“Echo In The Canyon"
A couple of reactions. First, neither Los Angeles nor Laurel Canyon are “on the edge of the wilderness”. On the other side of Laurel Canyon is the San Fernando Valley with dozens of cities. The canyon itself is a few blocks north of Sunset. There are coyotes there, and also in Sunny Hills, La Habra Heights and Laguna Canyon, for example, Once you’re inside Laurel Canyon, especially at night or if it’s overcast or foggy, you may have the feeling of being in the country, but you're in the middle of Los Angeles with many millions of people. Until about 1920, many of the towns and communities actually were on the edge of a relative wilderness, including Westwood, Santa Monica, Pacific Palisades, Malibu, Temescal Canyon or Hollywood, but that's long past. We’re not talking about rural Montana here.
Second, Jakob Dylan and others use the term “loss of innocence” to describe the experience of living in Laurel Canyon and even in being part of the music scene in the late 1960s. This requires a little explanation. Most of these people had been in more than one band, had traveled extensively in the United States and Europe; been married once or twice; had used recreational drugs, so to speak; had seen life in New York City, San Francisco or other major cities, and so on. They are not babes in arms, or a group of young Irish nuns from the countryside visiting a museum in Los Angeles, or Cub Scouts.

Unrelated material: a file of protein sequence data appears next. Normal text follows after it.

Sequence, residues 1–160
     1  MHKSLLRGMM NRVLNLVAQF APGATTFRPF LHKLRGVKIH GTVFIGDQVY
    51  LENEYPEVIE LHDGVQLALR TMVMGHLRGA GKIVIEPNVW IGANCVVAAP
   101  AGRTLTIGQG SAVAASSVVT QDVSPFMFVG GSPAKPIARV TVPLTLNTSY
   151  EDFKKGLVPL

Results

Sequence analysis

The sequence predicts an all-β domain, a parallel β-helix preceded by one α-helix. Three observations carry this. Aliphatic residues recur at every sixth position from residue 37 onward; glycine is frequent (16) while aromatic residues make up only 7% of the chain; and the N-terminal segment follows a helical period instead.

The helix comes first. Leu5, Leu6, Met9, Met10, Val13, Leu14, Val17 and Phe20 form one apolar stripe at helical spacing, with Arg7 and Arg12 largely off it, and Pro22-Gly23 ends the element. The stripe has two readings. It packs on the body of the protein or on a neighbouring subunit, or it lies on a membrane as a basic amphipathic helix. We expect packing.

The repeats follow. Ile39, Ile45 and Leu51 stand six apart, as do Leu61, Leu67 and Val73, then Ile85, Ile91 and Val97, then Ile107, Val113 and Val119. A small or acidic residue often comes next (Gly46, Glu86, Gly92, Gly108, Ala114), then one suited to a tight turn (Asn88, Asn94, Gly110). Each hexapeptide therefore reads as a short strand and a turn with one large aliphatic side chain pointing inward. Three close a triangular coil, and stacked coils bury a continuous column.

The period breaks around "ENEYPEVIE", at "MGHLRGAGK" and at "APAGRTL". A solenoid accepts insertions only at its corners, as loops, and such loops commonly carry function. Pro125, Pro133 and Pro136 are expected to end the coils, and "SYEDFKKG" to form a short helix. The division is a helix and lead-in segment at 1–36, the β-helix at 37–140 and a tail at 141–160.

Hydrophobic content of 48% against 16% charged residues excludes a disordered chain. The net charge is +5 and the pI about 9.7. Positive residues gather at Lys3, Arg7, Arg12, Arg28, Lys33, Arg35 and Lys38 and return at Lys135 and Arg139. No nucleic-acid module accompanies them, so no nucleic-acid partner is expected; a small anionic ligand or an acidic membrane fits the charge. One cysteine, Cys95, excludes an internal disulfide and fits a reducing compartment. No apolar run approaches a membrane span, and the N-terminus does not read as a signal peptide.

Their so-called “loss of innocence” means being disappointed and disillusioned by the crassness of the music industry; seeing dozens of their friends die from drug overdoses; reacting to the drawn out Vietnam War and the protest movement; seeing or hearing about riots in American cities; going through the Watergate scandal; and the failure of an Age of Aquarius or a Woodstock Society to take hold. Loss of innocence is an ancient theme in at the arts, and Jackson Browne is another artist who features it in his music. So does Neil Young, with his songs like “Needle And The Damage Done”, and “After the Gold Rush”.
This sense of loss, or imagined loss -- or loss of hope, rather than actually losing something they had -- is pervasive in West Coast rock and folk of that period. It's also a theme of growing up, of setting aside childish things, of facing adulthood, so even younger artists like Jakob Dylan will deal with it in their music. We do, too, as alumni of Sunny Hills, when we talk about how pretty and quiet Sunny Hills once was, how bucolic with Ranch Town and the lake and Jimmy Smith's and the Barn, and all the pretty young girls (who are now grandmothers, retired from long careers) on horses.
Before long, we’ll talk about 2019 that way, when most of us were still here, when we had reunions, when our grandchildren were small, when we met for lunch, went sailing, and so on. It's a mode of human perception.